The trouble with your typical large outdoor compost bin is this: You make the most compostable mess at dinner time and when you’re just about to sit down to eat, no one wants to traipse outside in the dark to drop carrot ends in the compost. Especially if it’s at the far end of your lawn. The way around this is to keep a small bucket with a lid somewhere in your kitchen (or nearby) that you only need to empty once every few days.

If you have little ones in the house, one way to make composting more fun is to give the kids their own compost bin. Make this a small one that you keep somewhere they can reach so they can put their own apple cores or banana skins into it and learn how it works. Once they are big enough, they can even empty the indoor bins without your help!

Tip 2: Avoid putting meat, excessive bread and dairy products into your compost.

These food groups are more likely to attract unwanted visitors like rats and mice.

Tip 3: Add brown materials.

Food scraps and lawn clippings are considered high in nitrogen. You need to balance this out with materials that are higher in carbon like dried fallen leaves or wood chip/mulch.

Without enough brown material, your compost bin can turn into a sludgy mess.

Cardboard is useful but too much of it can get soggy and compacted. What you ideally want is material that creates little air pockets in your compost pile – that’s why dried leaves and mulch work so well.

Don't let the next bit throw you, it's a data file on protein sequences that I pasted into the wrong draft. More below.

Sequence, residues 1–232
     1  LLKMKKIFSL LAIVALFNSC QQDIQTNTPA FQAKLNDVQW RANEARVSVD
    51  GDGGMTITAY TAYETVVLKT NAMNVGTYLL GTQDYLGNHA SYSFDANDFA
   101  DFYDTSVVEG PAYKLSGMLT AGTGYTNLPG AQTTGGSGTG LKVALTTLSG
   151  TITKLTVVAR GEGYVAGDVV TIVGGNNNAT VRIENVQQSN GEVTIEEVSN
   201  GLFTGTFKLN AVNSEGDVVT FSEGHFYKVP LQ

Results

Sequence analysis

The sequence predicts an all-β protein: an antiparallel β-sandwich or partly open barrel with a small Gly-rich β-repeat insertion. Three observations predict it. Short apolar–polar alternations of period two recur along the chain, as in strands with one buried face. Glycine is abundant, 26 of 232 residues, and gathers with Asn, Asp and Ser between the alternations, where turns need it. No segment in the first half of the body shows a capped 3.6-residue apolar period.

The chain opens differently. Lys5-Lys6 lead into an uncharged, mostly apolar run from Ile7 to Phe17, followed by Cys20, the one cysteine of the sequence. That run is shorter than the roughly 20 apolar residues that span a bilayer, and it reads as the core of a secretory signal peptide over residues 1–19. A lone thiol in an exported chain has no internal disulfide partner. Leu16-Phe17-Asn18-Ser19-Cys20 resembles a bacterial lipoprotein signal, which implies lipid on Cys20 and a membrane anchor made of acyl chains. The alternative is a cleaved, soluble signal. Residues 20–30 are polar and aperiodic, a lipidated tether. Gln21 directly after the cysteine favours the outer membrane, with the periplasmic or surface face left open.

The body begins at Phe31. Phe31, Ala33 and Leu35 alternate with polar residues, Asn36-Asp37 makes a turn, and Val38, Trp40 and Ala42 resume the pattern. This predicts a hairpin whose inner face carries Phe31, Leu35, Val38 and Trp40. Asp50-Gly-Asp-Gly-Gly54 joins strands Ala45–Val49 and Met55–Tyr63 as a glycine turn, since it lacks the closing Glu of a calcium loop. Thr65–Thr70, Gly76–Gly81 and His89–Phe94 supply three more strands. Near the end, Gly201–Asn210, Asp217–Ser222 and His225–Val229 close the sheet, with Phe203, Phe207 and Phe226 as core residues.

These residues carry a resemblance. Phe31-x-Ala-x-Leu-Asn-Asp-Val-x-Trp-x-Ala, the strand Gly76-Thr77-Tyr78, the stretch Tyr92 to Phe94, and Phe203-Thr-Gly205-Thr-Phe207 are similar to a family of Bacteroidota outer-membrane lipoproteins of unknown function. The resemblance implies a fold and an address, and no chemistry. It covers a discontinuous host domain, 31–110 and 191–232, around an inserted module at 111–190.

Tip 4: Turn it over every few weeks.

You can do this with a spade or a compost turner (which looks like a big cork screw). The goal here is just to move the compost around so that it decomposes evenly and to let more air in. If you have a big compost bin this can take a bit of energy. It’s a great way to get some exercise in!

Tip 5: Start a planter-box

Once you’ve generated some compost, which can take 12-16 weeks or longer, you can just leave it in your compost bin, or you can put it to good use in a veggie garden or planter box. If you don’t have space to build an outdoor veggie patch, it’s easy to set up large plastic tubs as planter boxes on a deck or balcony. You don’t need a lot of space to grow beautiful salad greens or herbs.

Did you know – you can also compost pet hair (and human hair), ash from your fireplace, cardboard, fabric, and some teabags?

So many benefits…

Once you start a compost bin your indoor (and outdoor) rubbish bin will no longer smell as bad. You’ll reduce the amount of rubbish you produce, and you’ll be improving the quality of the soil on your land. Making it easier to grow anything and everything.

Most importantly, you’ll be reducing your carbon footprint and helping to make the world a better place.


One cool initiative we have discovered on this journey is It’s a website which connects people who are wanting to recycle their kitchen scraps with neighbours who are already composting.

This could be really useful if you are keen to recycle your food waste but don’t have the time or space to start your own compost bin.

We have registered to start receiving food scraps (we’re in Grenada Village, Wellington). If any of you are keen to get involved, then check out the link below. It’s free to join:

You can read more about composting options at:

Photo by Markus Spiske on Unsplash